The clicks column in your reports indicates how many times your advertisements were clicked by visitors, while visits indicates the number of unique sessions initiated by your visitors. Statistics measures both visits and visitors in your account. Visits represent the number of individual sessions initiated by all the visitors to your site. If a user is inactive on your site for 30 minutes or more, any future activity will be attributed to a new session. Users that leave your site and return within 30 minutes will be counted as part of the original session. The initial session by a user during any given date range is considered to be an additional visit and an additional visitor. Any future sessions from the same user during the selected time period are counted as additional visits, but not as additional visitors. A pageview is defined as a view of a page on your site that is being tracked by the tracking code. If a visitor hits reload after reaching the page, this will be counted as an additional pageview. If a user navigates to a different page and then returns to the original page, a second pageview will be recorded as well.
Why does my statistics report different values than some other web analytics solutions?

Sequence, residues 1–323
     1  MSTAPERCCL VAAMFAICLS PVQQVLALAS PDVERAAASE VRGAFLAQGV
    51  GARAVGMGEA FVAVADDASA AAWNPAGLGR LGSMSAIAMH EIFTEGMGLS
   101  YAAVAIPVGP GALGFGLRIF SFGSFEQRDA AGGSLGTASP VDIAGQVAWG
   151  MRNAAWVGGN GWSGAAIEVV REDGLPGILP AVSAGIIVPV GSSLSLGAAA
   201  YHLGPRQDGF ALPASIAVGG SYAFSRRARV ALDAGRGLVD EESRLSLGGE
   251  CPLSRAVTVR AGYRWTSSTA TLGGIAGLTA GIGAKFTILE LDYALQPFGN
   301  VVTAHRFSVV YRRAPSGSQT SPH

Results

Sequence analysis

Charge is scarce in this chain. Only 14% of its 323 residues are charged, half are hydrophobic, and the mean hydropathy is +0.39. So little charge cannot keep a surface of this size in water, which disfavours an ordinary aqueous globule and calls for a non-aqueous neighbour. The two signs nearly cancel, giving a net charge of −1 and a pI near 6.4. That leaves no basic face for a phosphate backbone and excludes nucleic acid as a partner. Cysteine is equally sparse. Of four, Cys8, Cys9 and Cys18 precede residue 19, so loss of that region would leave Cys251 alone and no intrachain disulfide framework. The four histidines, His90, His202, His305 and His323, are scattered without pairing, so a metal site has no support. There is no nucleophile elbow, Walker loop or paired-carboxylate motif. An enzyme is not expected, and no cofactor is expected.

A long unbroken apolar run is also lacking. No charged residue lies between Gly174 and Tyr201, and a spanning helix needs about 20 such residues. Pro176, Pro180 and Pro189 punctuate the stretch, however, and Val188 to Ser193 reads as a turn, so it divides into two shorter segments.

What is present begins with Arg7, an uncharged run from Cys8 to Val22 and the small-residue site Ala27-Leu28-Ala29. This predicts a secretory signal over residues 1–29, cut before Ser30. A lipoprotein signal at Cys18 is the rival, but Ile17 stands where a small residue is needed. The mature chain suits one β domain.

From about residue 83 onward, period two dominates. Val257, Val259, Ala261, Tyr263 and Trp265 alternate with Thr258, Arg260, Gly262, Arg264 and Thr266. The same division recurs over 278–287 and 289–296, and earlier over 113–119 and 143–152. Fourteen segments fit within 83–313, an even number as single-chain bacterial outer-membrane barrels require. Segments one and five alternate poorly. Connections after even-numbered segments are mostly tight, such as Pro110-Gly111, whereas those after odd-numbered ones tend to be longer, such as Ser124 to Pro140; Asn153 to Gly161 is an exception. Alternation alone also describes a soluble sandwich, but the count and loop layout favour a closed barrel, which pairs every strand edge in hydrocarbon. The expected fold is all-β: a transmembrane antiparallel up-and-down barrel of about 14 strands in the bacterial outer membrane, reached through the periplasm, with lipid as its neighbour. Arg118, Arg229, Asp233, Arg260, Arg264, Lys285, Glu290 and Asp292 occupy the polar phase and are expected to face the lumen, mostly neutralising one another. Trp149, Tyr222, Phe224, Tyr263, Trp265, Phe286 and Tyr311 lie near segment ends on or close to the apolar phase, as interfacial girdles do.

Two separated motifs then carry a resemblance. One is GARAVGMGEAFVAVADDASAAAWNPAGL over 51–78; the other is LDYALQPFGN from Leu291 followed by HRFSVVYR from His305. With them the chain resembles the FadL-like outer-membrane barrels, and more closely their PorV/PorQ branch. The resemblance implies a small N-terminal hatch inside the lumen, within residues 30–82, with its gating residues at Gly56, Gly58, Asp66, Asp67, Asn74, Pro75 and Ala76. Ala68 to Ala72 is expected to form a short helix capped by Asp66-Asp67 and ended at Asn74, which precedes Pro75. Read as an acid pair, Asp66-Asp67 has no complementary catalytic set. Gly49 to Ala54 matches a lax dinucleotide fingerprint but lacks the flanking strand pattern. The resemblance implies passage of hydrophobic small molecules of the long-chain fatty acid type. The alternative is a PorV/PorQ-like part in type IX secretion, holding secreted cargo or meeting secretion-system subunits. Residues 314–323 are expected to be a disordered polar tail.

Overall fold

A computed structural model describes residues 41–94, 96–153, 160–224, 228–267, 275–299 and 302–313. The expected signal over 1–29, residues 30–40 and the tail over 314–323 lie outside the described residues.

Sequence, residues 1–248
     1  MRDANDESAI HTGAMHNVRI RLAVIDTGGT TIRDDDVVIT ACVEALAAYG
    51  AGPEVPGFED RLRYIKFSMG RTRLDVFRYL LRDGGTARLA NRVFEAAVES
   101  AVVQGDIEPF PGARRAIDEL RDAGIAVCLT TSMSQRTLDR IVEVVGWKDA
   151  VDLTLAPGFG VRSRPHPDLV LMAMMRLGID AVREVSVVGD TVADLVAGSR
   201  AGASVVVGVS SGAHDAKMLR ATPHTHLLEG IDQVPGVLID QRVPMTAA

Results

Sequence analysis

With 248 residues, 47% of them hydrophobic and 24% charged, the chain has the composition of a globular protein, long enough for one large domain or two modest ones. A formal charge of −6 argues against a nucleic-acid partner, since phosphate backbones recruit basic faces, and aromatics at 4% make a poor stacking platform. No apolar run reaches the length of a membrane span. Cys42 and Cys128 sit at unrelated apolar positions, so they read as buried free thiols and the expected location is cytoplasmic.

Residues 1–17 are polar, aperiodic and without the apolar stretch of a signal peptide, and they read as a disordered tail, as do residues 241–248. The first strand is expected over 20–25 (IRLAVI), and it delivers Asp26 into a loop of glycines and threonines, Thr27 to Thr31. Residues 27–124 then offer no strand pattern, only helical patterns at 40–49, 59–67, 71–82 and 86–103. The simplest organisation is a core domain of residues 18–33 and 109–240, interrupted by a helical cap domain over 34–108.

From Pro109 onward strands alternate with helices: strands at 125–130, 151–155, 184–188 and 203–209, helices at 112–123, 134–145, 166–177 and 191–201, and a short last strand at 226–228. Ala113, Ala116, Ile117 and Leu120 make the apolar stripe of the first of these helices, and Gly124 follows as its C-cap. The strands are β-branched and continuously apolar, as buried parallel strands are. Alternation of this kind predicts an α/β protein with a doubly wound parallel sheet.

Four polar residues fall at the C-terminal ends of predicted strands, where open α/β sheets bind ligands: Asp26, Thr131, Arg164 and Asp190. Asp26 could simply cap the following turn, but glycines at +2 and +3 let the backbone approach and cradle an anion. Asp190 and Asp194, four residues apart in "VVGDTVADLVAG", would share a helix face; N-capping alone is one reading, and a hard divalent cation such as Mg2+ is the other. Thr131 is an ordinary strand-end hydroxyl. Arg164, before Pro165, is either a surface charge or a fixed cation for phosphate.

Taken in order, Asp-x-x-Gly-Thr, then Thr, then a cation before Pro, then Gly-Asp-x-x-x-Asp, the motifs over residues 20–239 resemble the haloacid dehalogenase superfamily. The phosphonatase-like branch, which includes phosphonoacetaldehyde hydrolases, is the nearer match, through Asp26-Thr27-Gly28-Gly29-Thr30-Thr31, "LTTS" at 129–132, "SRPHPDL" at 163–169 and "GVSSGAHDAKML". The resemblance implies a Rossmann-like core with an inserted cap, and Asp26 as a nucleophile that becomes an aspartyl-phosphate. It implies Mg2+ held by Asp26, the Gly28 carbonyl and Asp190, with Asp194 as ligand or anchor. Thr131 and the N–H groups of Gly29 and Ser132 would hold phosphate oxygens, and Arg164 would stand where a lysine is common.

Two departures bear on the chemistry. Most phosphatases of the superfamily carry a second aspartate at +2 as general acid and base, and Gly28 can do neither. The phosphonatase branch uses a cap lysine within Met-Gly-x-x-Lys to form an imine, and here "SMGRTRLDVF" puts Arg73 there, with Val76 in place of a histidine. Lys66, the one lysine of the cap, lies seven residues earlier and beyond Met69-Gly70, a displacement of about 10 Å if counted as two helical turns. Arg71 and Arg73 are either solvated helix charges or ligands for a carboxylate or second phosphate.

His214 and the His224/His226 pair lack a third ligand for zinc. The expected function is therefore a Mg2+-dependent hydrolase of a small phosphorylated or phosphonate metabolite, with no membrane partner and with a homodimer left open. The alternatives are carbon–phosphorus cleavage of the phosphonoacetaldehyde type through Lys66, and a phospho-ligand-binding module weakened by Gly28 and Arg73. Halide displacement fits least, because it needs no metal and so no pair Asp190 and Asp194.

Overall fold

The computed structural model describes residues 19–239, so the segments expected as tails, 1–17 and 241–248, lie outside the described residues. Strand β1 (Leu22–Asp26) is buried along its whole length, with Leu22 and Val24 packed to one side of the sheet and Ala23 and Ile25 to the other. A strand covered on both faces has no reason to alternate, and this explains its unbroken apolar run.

The following list points out some of the main reasons your actual numbers may differ: (1) The terminology used in one program may not mean the same thing or may not be measured the same way as in another program. (2) There are more methods of tracking activity, i.e., cookie-based method, IP with User Agent method. (3) Some browsers give users the option to disable images that are requested from domains other than the current page. Disabling such images will prevent data from being sent to Statistics. (4) If your web statistics solutions group data using different timezones, your daily or hourly data will be affected. (5) Visitors must have JavaScript, images, and cookies enabled in their browsers in order for Statistics to report their visit. Depending on their method of collecting data, other analytics solutions may still register these visitors. (6) Other analytics solutions may not record an additional visit if the page is pulled from a user's or server's cache. (7) Even among cookie-based tracking solutions, there's a difference between 1st party and 3rd party cookies. Because 3rd party cookies are set by a source other than the website being visited, they're often blocked by browsers and security software. We use 1st party cookies.
How are the Length of Visit report values calculated?
In order to capture the length of a visit, statistics tracks the elapsed time between pageviews. The last page of a visit will not be recorded (as there is no subsequent pageview). Single-page visits are assigned to the 0-10 second category.